Omaha daily bee. (Omaha [Neb.]) 187?-1922, May 25, 1914, Page 2, Image 2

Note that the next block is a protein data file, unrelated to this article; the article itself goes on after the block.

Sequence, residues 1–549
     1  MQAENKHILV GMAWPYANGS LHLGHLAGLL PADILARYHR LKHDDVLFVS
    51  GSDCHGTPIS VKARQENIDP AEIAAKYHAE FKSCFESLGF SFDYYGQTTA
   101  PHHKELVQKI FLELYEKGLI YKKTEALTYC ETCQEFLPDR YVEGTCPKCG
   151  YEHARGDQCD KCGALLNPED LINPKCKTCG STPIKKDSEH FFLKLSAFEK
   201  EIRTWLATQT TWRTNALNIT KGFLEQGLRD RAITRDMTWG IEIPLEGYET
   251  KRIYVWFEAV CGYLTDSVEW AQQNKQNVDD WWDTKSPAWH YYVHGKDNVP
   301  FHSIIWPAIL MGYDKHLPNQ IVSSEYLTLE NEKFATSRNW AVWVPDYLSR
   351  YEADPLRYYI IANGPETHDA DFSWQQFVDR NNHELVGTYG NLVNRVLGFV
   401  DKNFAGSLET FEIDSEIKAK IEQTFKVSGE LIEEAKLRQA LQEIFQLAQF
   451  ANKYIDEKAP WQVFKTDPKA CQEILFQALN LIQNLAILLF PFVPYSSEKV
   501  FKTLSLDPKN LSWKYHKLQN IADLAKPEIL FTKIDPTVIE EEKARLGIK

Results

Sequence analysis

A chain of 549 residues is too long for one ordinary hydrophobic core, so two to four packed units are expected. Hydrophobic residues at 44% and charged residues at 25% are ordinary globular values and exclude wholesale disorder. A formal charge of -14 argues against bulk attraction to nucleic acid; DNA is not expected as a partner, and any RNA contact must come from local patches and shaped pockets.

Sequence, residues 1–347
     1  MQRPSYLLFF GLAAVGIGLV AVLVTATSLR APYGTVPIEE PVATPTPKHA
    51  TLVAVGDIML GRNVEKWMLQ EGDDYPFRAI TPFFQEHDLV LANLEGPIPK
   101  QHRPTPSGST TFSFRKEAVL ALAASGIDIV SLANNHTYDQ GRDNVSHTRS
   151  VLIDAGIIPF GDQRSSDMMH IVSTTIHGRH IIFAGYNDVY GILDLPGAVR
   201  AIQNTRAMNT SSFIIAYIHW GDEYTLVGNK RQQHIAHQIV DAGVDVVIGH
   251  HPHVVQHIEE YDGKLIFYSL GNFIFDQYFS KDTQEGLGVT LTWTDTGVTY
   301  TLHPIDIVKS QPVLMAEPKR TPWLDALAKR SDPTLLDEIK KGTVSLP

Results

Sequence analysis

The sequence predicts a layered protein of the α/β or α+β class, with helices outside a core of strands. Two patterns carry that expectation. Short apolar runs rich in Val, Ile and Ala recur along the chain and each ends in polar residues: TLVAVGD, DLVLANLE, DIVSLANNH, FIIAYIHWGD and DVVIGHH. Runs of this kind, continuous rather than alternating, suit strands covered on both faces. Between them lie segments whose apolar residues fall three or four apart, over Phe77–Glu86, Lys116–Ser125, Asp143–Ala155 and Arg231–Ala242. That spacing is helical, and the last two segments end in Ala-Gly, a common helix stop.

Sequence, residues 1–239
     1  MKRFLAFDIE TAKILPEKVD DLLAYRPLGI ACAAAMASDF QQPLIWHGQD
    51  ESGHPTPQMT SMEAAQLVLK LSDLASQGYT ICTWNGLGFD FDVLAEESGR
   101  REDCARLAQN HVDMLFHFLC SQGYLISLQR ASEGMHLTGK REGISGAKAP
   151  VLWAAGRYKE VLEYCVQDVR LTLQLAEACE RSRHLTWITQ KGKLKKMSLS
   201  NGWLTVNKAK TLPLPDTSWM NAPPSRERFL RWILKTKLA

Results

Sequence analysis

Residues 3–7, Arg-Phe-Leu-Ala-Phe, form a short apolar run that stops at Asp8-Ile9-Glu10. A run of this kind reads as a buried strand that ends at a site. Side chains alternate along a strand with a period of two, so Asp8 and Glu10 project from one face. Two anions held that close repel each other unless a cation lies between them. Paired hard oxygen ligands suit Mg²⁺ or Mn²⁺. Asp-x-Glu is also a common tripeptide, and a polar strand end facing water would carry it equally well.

THE BEE: OMAHA, MONDAY, MAY 25, 1914. T D UTC ATH GUI V X P R I W ! daughter had not eljpl with th young li lit ilia XJUU UJJU1 nUIUH Virginian, Mark Morton, head of To All Appearances He Is as Vigor ous as When He Went Away. APPARENTLY FULLY RECOVERED Politlcnl Ontlook In etr York find Ohio Considered nt War Coun cil irllh Rnrflrld nntl Othrrn. OV8TER CAT. X. V.i May -To ail appearance today Theodore Hooeevclt had recovered entirely from the effects of his trip Into the South American Inn Kits. Fle da vii at SKamor Hill have brought hack Ills full measure of strength find chased away the line which fur rowed his face when he returned. As he. sat on the broad veranda of his home on the crown of the hill today, looking over tha tofts of the trees below the bay, he appeared to be as fit' phys ically as before he went away. There are a, few. more Bra' hairs In his mus tache and his weight hna been reduced considerably; otherwise there were no flgns of change In his appearance from the day he set forth for the southern continent Ilnlila War Council. When Colonel Roosevelt returned to this country some concern was folt an to his condition, and a period of rest was prescribed. Ho protested that he wanteJ to obey Instructions, but the fact was that he seldom had been aa busy as at the present time. He found time today to take a Ionic walk across the country with Mrs. Roosevelt. The remainder of the day was given to & long council of war with a few of his assistants and to work with his stenographer. Tha political outlook In New York and Ohio na taken up today. Plans for a vigorous campaign In New York state were outlined. Much of Colonel Hoosevelt's time and energies are to be directed to tho fight In this state, which Is expected to give one of ther severest tests of tho strength of the new party. Theodora Doug las 'Robinson, chairman of the state com mittee, and Regis II. Post, forrrrar gov ernor of Porto lllco, who was ono of tho pioneers In this state In the formation of the party, spent several hours at Sag amore Hill. With them were James It. Garfield of Cleveland, secretary of the In terior under President Roosevelt, and Arthur I Oarford of Klyrla, both active In party affairs In Ohio. Not to rtn n for Governor. So far as could be learned the proposal that Colonel Roosevelt accept the pro gressive nomination for governor of New York was not brought up. Although the former president has been urged by some of his assistants to consider the pro posal, it can bo stated authoritatively that he can forsee no contingency in which he would give the matter serious thought Colonel Roosevelt would nay nothing to indicate that the stato ticket had been discussed today. It Is understood, how ever, that Oscar S. Strauss, who was the progressive candidate for governor two years ago, has been brought forward as a possible candidate this year for United States senator. For the candidate for governor" several names have been mentioned. They In clude Frederick M. Davenport, former stato senator and candidate in 1912 for lieutenant governor! William H. Hotch kiss, former superintendent of Insur ance, and Balnbridse Colby, New York lawyer and one of the most active pro- gresalvo campaigners in 1912. the Western Cold Storage company. Is said to have boarded a train for his ranch m Nebraska to seek rest from the worr e caused by his daughter's "runaway " Reasons for parentis! objection to the young woman's eastern trip and for the frantic efforts of relative and friend who tried and failed to Intercept her dre still a mystery. Mies Morton could not be reached last night In the Virginia city. Fellow Prisoner of. Silliman at Saltillo Tells of Experiences WASHINGTON, May 24. Vice Consul John Silliman, the cause of siich pro longed anxiety on account of his dlsap-ix-arance at Saltillo, remained at Mexico City today, recuperating from the hard ships of the trip from Saltillo, and ex pecting to depart for Vera Crux Monday, According to reports reaching the Stste deportment. One of his fellow prisoners In the Saltillo jail, Dr. Franklin Moore, called at the Stato department today and told of his experiences. Mr, Moore was a practicing physician of twenty years standing In Saltillo. He said tranquility had prevailed there all through tho earlier phae of the revolutionary movement, until April 23 n telegram signed "Victor land Ituerta" wss received from the capl tol, stating American warships w'ere bom barding Vera Crlis. Immediately follow ing tho signature were the words "Hang all Americans," presumably added by ths telegraph operator. Messages from the civil governor sum moned all Americans in Saltillo to head quarters. Tho doctor excused hlmstlt from the patient he was attending, with a promise to return In a fow minutes, nut li waa fifteen' days before he was agnln at liberty. He was first placed In a cell thfeo feet by seven feet for twenty- four hours, but tho following day he was admitted to a large room where all the American prisoners were gathered, In cluding Vice Consul Silliman. They wers treated fairly well and were released onlj after they had Jointly signed a statement reciting that they had simply been de tained to ensuro their protection against violence Ht the 'hands of the people, Silli man, however, was held after the1 others left, on the charge that he was a spy. Omaha Good Roads Boosters Will Visit . Thirty State Towns Thirty Nebraska cltbtt will be visited by tire Oimhana on tHe.Qoqd Roads run which Is to bo held on Jun S and .6. The run will ba by automobile and thirty-five representative business men of the city. have made arrangements to make the trip. The run starts Thursday evenliur. whan the Omahans will Journey to -Urn coin before starting In earnest the follow-; leg jnorning, The itinerary ts-as lollops: THURSDAY. JUNK 1 Leave Omaha ft jx in.: arrrve Ashland b.jw isuppen; arrive Lincoln :io p. m. FRIDAY. JUNE . Leave Lincoln 7; a. m, Arrive emerald, six miles, 8rf0 a. m. stop 6 minutes. Arrive Pleasantdale, ten mile, 8:30 s m.. stoD 10 minutes. Arrive Mllford, seven, miles, 9:00 a. m.J stop IB minutes. Arrtvo Ruby, five miles, 3:30 a. m.J atop. Arrive Seward, five1 miles, 9:&0 a. m,; stop 40 minutes. Arrive Tamora, seven miles, 10 $0 a. m.: stop, 10 minutes. Arrive, Goehner, five miles, 11:15 a. m., stop 10 minutes. Arrive Reaver Crossing,, seven miles, Arrrlve Friend li:S0 p. in. (lunch): Mori uuur. Arrive Dorchester, nine miles, 2:0) p.,m.; stop 10 minutes. Arrive Crete, ten miles, 2:10 p. m.; stop w minuici. . Arrlvo Sh&stak, five miles, 3:90 p, m. stop S minutes, Arrive wiiocr, live mues. sits p. m.; stoD 20 minutes. Arrive DeWttt, seven miles, 4:15 p. m.; Arrive Beatrice, thirteen miles, 6:30 p, m., (Remain over night). SATURDAY, JUNE 6. Leave Beatrice 7:30 a. m. Arrive Filler, thirteen miles. S:10 a. m. atop 10 minutes. Arrive Crab Orchard, nine miles, S:M a. m., siop iv minutes. Arrive Vesta, seven milts,- tM a. m LtOD a minute. Arrive Tecumseh. eight miles. 9:ifi a. m.i top ju minutes. Arrive Graf, eight miles. 10:0 a. . top ip minutes. Arrive Johnson, six miles, 11:10 a. : stop 10 minutes. Arrive Honrs, lour mues, 11 ; a. m. siop o minutes. Arrive Auburn, five miles, 110 a. 1 StoD one hour (lunch). Arrive Julian, ten miles, 1:30 p. m.: stop 10 mlnutfia. Arrive Nebraska City, twelve miles, 2:30 p. m.; stop 40 minutes. Arrtv Union, fifteen miles, l:U p. m.j nop iv minutes. Arrive Murray, eight miles, 4t2S, p. m. atop 10 minutes. Arrive riausmouw, nine mues, a. 10 p. iu-. nop w minutes. Arrive Omaha 6.30 p. m. notified by her sister of her husband's death she collapsed, but was Inter able to Journey tb the coroner's where her hus band's body had been taken. Wallace Is reported to be very low at tho Swedish Mission hospital, with but slight chances for recovery. II. Beam, conductor of the street car declared that he had no Inkling of the accident until the car was brought to a sudden stop. ai inirteeriui ana uorcas streets a northbound Benson car loaded with pas sengen, vhose crew, oonslsted of Motor man O. Ferrll, S024 South Twenty-fourth street, nnd Conductor E. r. Wright, 181H Bprlng street, ytiLt, struck., from the' rear by an empty special Krjig.park car, .whloh had turned from Vinton street onto Thir teenth street. The brake on the lattor refused to work and the car, coasting at a high rate of speed down the grado on that throughfare crashed with consider able force Into the car ahead. Motormun C. K. Hansen, 3123 South Twenty-second street, of the Krug park car avoided a very serious affair by keep ing (he gong sounding loudly, nnd warn Ing tho Benson crew'who opened tip tlIr power Just before the two cars mot, thus lessening the shock. Hansen and his conductor. J. D. Lack. ard, 321714 South Twenty-fourth street, are both comparatively new men with the company. Besides those Injured In tho above list about 'ten people were cut by flying glass .or bruised from the sud. den Impact- Those hurt were removed to their homes after receiving the atten tions of ths police surgeons. Helen Morton Not Wedded to Bailey CHICAGO. May 2l.-(Special )-What was at first thought to be an elopement of Miss Helen Morton, daughter of Mark Morton and granddaughter of the late J Sterling Morton, has been shown by the young woman's relatives to have been trip east, resulting In her buying an old Virginia homestead adjoining that of Clay Balloy, a young man who recently was her guest at the Morton home In Lake Forest This waa given aa the answer to the mystery surrounding the young soclsty girl's sudden disappearance Wednesday night She was located yesterday at Pelaplsne, Va., at the nome of one of ONE KILLED AND ONE MAY DIE FROM CRASH OFJJAR INTO BUGGY (Continued from Tage One.) HANSON HAS JUMPED BOND (Continued from Page One.) requisition waa to come up yesterday and Hansen did not appear. Mr,. Lynch, who Is from Kansas City. with Frank Murphy, an Omaha detec tive. Is stopping at the Jefferson hotel. "Ths democrats arc In power In the city and the republicans In the county," Mr. Lynch said. "The Independent ele ment has been trying to shako up both city and county and get control. The Burns detective agency waa hired. The the Information leaked out. Pick ard and Hansen opened offices In the Brandels Theater building and Installed a dicta phone. The opposition also installed one and secured enough information to send both Burns men to the penitentiary. The Burns agents were at work five months. "Frank Best, another county commls- sloner. was approached on the smoke consumer proposition and all the. con veraatlon took place where both dicta phones were working." Pickard was arraigned before Justlco Charles H. Clark late this afternoon on fugitive warrant and his bond placed at w,too. He was unable to furnish It, The hearing was set for Friday. Frank Murphy, a detective, la awaiting requl sltlon papers on which to take Pickard back to Omaha. John A. Gustafson. manager of the uurns agency In Kansas City, denied to. night that Plokard waa connected with nis agency. T . . . . never neara or ncicard until to night, afed if he waa one of our men he would have called upon me for assist ance," Mr. Qustafson said. 'The Chi cago oince may be worklnc on the Omaha case, but I have not heard any- ining aoout it. If the Burns agenoy Is handling It I should be Informed and I may near something tomorrow." OHIO STATE IS VICTOR IN ANNUAL TRACK MEET COLUMBUS. O., May 24.J-OhIo State yesterday won the track meet in which nine Ohio universities and colleges com peted. The Ohio Stato athletes scored sixty points. Oberlln was second with forty-nine, Case third with twelve and Cincinnati fourth with ten. Two, state records were broken. Harvey of Oberlln clearing the bar at 6 feet 1H inches in the high Jump and Kessler of Ohio State making U feet t Inches in the pole vault (ttrenuthrna WrnU Kltlnna. Electric Bitters will more than urpr! ynj micr ins iirsi nam. tir Ktti Mr Ballee friends, Mrs. Frank Neer, Jr. today. Safe and sure. Mo and 1 All jtuu Huiiocw nai nis aruggista Advertisement. TT.B.. .li' I 1.1 Pt. I Never Before has it been possible to buy n new edition of the Encyelopnedin Britannica at such low prices as will obtain until May 28th 3 days after today. Never Before has the demand been so great, the manufactur ing so extensive, the capital invested so consid erable, tho book itself so good a piece of work, and Never Before has anyone been able to pay $5 down with his order iind reeeivo the whole sot 29 magnificent volumes complete in one shipment. All previ ous methods of publication have involved the is sue of each volume separately, and its sale and delivery to subscribers separately. Tho 25 vol umes of tho 9th Edition, for example, were is sued during a period of fourteen years 1875 Nto 1889. 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